Just a little drawing I did yesterday at Halyard’s, where I stopped for a little while during my wander.
On Friday we leave for our trip to Europe! It’s been just over two years since my last visit, and I’m super excited. I still have some freelance work to do; drawings for the documentary— and of course my regular full time job as well. But no doubt this week will fly, as has this whole month.
Today is an unexpected day off for me after working more or less every day since February 26! Granted, some of those days I only worked 2-3 hours, but still, this has come at a perfect time, as one of my big project deadlines culminated in our company’s annual event yesterday.
Very nice to have a lie-in today, and I’m still in my pajamas. One of the best views of a snowstorm is the one from indoors, wearing one’s soft pants!
A sample of one of the little instagram comics that Z and I crafted last year under the handle @whileyouwerehappy. We kept at it for awhile, but it was time-consuming and after maybe 4-5 months our attentions inevitably turned elsewhere. It was fun, though, and we really did make ourselves laugh like mad people over them.
This image, a detail of one of my assemblages involving old porcelain dolls. Their halos are of sterling wire.
I think the original title of this was A sick thing upon the rocks in the very early morning. It’s from when I was a teenager in college. (I think the sketch that precipitated this ink drawing originated during an acid trip; that coming down feeling—)
As I see it now, looking through the archive, it looks to me like a personification of the tail end of winter. Fighting in vain against the sun; unwilling to exit stage left; refusing to retreat for its Persephone months—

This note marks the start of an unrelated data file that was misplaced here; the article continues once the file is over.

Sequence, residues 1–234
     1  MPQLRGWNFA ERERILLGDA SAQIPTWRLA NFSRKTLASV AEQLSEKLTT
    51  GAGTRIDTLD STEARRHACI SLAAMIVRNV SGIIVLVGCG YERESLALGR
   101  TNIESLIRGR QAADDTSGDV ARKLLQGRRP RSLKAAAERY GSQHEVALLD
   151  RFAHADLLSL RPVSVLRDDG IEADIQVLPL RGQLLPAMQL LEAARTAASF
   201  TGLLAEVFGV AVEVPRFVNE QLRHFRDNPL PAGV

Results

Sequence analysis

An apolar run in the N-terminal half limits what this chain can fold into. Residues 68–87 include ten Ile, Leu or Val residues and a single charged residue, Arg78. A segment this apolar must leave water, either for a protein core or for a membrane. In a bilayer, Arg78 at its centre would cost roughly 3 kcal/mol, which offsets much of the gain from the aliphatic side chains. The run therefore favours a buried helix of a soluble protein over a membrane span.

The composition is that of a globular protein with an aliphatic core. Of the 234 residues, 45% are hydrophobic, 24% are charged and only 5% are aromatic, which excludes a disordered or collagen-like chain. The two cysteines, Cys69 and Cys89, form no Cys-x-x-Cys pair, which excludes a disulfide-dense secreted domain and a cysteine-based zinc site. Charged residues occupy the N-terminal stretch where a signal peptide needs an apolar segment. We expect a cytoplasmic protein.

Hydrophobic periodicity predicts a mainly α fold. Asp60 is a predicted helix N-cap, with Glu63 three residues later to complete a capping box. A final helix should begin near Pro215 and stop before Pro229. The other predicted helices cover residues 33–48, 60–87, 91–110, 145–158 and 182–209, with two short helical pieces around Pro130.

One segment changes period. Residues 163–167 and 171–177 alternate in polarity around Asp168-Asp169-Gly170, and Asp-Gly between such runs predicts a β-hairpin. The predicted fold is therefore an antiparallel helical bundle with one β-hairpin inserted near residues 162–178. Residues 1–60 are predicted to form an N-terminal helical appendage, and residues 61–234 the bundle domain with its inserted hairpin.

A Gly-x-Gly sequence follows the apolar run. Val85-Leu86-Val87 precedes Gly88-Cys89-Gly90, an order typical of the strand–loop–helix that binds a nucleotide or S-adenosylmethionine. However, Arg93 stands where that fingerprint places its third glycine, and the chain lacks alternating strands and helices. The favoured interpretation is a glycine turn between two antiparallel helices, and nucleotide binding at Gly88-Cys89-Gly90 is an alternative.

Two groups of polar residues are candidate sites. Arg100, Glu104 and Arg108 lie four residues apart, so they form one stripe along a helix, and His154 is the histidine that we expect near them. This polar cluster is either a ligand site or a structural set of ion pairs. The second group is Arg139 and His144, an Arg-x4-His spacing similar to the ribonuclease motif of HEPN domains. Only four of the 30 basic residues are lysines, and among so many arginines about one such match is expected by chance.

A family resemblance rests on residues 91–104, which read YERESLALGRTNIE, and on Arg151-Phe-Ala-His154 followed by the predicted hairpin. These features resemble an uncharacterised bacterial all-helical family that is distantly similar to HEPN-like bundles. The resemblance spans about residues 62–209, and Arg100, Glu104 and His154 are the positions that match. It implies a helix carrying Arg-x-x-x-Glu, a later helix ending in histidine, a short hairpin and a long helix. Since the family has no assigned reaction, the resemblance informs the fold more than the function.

Those during which she must return to where she’d been abducted. By absent-mindedly eating the pomegranate seeds proffered by Hades, she doomed herself to a third the year in the underworld, thereby depriving the surface of the world of green things growing during her absence.
That is Winter, which doesn’t like to take its leave quietly, gracefully.
. . .
(TBH, the way I wrote the title of this post reminds me of nothing so much as the GOP, but that’s a different sort of post altogether.)
Above: sketch of a suburb— viewed from the spire, as it were. A suburb represents, to me, a place that lacks the most wonderful parts of both cities and wide open spaces*; A pattern imposed; a restrictive one— made to serve its developer’s purpose rather than its inhabitants. Sometimes, life feels that way, no?
(how things move altogether too quickly and smoothly once a pattern is imposed)
It‘s what patterns are for.
It’s both good and bad; comforting and regrettable. Like choosing to stay in and get a good sleep when it’s a big wondrous and scary blizzard out. You know what I mean; one feels torn, a bit. Yet resolved. It‘s life— that feeling of contradiction that somehow fits because we‘ve been socialized and trained to accept that it fits.
Days, weeks simultaneously dragging and speeding by. It‘s the unquantifiable aspect of time that math-science is less equipped to deal with than psychology-science. Viz. feelings and other ephemera more in the realm of the social sciences, aka art literature poetry philosophy— the realms comprising questions and not so many answers (yet every answer, too)†.
Math-science satisfies the Libra in me (picked up perhaps from proximity to my balanced Libra brothers). The designer in me thrives on the practicality of measurement; of the quantifiable. The artist (Scorpio) in me prefers to live the questions, as Rilke put it.
Here are a couple watercolor studies I did last night involving compositions of overlapping shapes. I haven’t touched my half-pans in months, and it was nice to get out the brushes again.
These are related -somewhat- to elements of a small design system I’m in the midst of at work for an upcoming event. In particular the top one, where the colors are doing their natural combinations when overlapped.
This second composition was rather a departure or experiment that, while some interesting things happened, rather collapsed the visualization of the colors’ transparency. By removing the natural order of color interplay, the whole thing flattened out altogether to the eye. There’s no reason or logic to it.